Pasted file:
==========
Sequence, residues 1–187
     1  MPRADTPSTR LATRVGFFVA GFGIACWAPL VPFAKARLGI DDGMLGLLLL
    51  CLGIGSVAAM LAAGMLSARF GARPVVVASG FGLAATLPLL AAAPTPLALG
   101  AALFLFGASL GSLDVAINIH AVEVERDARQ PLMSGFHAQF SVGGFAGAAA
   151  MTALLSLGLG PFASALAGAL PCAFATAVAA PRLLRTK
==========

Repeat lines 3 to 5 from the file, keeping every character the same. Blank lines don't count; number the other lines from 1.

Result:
    51  CLGIGSVAAM LAAGMLSARF GARPVVVASG FGLAATLPLL AAAPTPLALG
   101  AALFLFGASL GSLDVAINIH AVEVERDARQ PLMSGFHAQF SVGGFAGAAA
   151  MTALLSLGLG PFASALAGAL PCAFATAVAA PRLLRTK